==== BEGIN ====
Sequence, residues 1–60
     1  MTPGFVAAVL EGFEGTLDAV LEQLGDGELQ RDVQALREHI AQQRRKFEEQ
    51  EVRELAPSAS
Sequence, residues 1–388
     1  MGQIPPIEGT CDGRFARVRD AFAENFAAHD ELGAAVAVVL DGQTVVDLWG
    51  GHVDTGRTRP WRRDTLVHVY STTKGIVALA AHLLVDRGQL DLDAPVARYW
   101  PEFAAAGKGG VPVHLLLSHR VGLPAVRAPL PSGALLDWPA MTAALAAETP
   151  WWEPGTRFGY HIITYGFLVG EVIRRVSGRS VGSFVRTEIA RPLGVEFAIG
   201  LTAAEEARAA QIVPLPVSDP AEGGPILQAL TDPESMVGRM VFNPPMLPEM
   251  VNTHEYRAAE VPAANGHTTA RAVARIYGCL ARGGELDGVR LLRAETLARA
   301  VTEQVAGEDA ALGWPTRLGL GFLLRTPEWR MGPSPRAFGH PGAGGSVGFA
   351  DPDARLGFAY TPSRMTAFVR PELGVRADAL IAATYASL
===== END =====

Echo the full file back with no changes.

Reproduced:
Sequence, residues 1–60
     1  MTPGFVAAVL EGFEGTLDAV LEQLGDGELQ RDVQALREHI AQQRRKFEEQ
    51  EVRELAPSAS
Sequence, residues 1–388
     1  MGQIPPIEGT CDGRFARVRD AFAENFAAHD ELGAAVAVVL DGQTVVDLWG
    51  GHVDTGRTRP WRRDTLVHVY STTKGIVALA AHLLVDRGQL DLDAPVARYW
   101  PEFAAAGKGG VPVHLLLSHR VGLPAVRAPL PSGALLDWPA MTAALAAETP
   151  WWEPGTRFGY HIITYGFLVG EVIRRVSGRS VGSFVRTEIA RPLGVEFAIG
   201  LTAAEEARAA QIVPLPVSDP AEGGPILQAL TDPESMVGRM VFNPPMLPEM
   251  VNTHEYRAAE VPAANGHTTA RAVARIYGCL ARGGELDGVR LLRAETLARA
   301  VTEQVAGEDA ALGWPTRLGL GFLLRTPEWR MGPSPRAFGH PGAGGSVGFA
   351  DPDARLGFAY TPSRMTAFVR PELGVRADAL IAATYASL